Monday, March 27, 2017

The Paranormal Guide Presents: Ancient Death - Tollund Man

The Tollund Man is probably the most well-preserved body from pre-historic times in the world. 

Discovered in a peat bog in Denmark, this man, who they believe was sacrificed to the gods, has given modern day historians a rare glimpse into life in the early Iron Age.

Iron Age Life and Death

On 6 May, 1950, Viggo and Emil Hojgaard and their wives were cutting peat in the peat bog named Bjaeldskovdal in Denmark. One of the wives noticed a corpse in the peat layer. The corpse looked fresh, and with heavy hearts they believed they had found the remains of a young boy who had recently gone missing. They reported the find to the police.

Tollund Man on display in the Silkeborg Museum.

When the police arrived, they were quite surprised by the condition of the body. They attempted to identify a time of death, and were having trouble, so called in an archaeologist named Professor Glob. The Professor surprised everyone by proclaiming that the corpse was at least 2,000 years old, and appeared to be a victim of ritual sacrifice.

And so he was named the Tollund Man. His name was an obvious choice, as the family who found him came from the small village of Tollund, which was not far from the peat bog.

The side of his body which was turned downwards in the grave was incredibly well preserved. Only the side facing upwards showed signs of decomposition. It is believed that the body had shrunk throughout the decomposing stages, and as it was found, measured at 161 centimetres.

The only parts of his body which were pretty much ruined were his arms and his hands. They were skeletonized due to peat-digging. His feet were in perfect condition, as was one figure.

The face of Tollund Man.

His head was angelic in its preservation. His eyes and mouth were closed, and he looked to be sleeping. He had short hair which was covered by a pointed cap made of sheepskin, with two thin leather straps tying it to his head under his chin.

He had no clothing on his body, but a belt made out of thin pieces of leather was tied around his hips. The most telling sign of all though was the leather rope, tightened into a noose, which was secured around his neck.

This noose has intrigued the historians and archaeologists who have been studying the Tollund Man… the rope had left a furrow in the skin under his neck and chin, but not at the back of the neck. His tongue, inside his mouth, was also distended. It was decided that the Tollund had been hanged – although there were some inconsistencies with that as well, such as the fact that there was no vertebrae breakage as is common among hanging victims.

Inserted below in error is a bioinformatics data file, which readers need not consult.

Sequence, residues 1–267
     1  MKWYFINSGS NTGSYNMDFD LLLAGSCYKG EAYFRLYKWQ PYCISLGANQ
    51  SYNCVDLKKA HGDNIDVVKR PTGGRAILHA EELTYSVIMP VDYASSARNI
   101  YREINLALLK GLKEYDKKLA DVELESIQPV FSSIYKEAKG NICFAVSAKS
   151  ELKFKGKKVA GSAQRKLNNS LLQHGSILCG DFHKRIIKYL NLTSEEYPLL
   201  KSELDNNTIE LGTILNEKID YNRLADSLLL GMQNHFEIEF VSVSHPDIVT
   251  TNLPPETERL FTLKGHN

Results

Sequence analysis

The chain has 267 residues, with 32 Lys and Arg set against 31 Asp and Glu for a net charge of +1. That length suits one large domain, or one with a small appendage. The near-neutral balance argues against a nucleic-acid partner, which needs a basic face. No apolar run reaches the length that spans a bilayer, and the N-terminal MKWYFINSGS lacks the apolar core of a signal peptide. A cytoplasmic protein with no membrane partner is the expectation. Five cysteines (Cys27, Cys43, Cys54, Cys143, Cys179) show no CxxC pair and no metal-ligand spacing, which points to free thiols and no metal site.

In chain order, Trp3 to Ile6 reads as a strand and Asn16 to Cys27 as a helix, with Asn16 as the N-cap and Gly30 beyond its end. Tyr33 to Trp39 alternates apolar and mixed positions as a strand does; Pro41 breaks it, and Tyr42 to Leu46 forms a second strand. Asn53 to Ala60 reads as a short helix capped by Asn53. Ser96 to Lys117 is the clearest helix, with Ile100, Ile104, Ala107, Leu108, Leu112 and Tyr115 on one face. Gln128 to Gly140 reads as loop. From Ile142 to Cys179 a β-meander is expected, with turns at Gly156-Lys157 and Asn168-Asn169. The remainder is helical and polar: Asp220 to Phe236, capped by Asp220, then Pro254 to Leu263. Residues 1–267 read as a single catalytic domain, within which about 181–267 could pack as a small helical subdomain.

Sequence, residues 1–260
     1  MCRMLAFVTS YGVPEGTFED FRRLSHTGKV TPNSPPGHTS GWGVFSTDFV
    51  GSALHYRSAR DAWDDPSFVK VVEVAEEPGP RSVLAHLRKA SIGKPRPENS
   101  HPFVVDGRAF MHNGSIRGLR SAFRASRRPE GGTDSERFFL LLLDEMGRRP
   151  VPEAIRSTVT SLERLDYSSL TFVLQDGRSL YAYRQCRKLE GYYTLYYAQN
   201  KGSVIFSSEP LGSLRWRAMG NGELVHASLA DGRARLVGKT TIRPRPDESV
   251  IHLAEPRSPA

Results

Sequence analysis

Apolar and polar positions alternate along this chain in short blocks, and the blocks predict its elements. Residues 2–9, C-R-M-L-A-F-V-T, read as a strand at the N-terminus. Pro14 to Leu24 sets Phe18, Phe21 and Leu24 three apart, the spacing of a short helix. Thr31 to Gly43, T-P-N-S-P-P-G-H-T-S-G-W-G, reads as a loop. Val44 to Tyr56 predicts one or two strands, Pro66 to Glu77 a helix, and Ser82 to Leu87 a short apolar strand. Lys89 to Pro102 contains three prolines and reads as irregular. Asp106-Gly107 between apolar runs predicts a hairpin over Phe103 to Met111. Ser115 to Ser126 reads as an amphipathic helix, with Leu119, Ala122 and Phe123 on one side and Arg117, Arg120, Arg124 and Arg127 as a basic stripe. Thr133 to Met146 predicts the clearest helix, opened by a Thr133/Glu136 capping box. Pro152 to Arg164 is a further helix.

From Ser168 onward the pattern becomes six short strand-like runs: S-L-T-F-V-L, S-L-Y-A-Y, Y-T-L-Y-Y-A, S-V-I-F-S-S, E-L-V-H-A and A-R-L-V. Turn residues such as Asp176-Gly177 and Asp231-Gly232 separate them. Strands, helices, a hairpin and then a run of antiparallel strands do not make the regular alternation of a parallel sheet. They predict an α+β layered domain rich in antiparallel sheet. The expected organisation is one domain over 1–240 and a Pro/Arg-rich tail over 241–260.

When the scientists removed his body, they found a very thin layer of moss underneath him which they recognised as being present in peat bogs in the early Iron Age… Tollund Man therefore was estimated to have died in 375 – 210 BC. What a remarkable discovery, and one which is believed to be the best preserved corpse from the Iron Age – especially considering the dead in that time were mostly cremated on funeral pyres. His age at the time of death was between 30 and 40 years – an old man by the standards of the time.

During an autopsy, scientist removed the alimentary canal, which consists of the stomach and intestines. They wanted to see if they could find out what the Iron Age people ate. The majority of the meal had passed into the intestines, which showed that he had eaten somewhere between 12 and 24 hours before he died. They found 40 different types of grains and seeds, and no traces of meat, fish or fruit/vegetable matter.

Reconstruction of the face.

There are no written records from the time period that the Tollund Man was alive in Denmark, so scientists do not know why he was killed. Perhaps he was a criminal and hanging was the punishment. Perhaps he was a sacrifice to a god. They do not know. The closest information is the written records of Cornelius Tacitus, a Roman who wrote down accounts he heard from people who traded with those in Northern Europe. 

Tacitus wrote: "They hang traitors and renegades in trees, cowards (yellow), combat evaders (afraid to go to war) and unnaturally immoral people they lower into filthy swamps and cover them with branches".

He also noted that in some tribes, human sacrifices were made to the gods.

Both of these are possibilities, but scientists tend to think that the second option is more likely, due to the care taken with placing him in the bog, in a sleeping position. Such care shows affection, not anger. It is also believed that his eyes were closed after death, another small gesture of affection. It is these small things which make it possible that Tollund Man was sacrificed to some forgotten god or gods.

If you’re ever in Denmark, head to the Silkeborg Museum, where you can find the Tollund Man’s remains.

Peet Banks 2014

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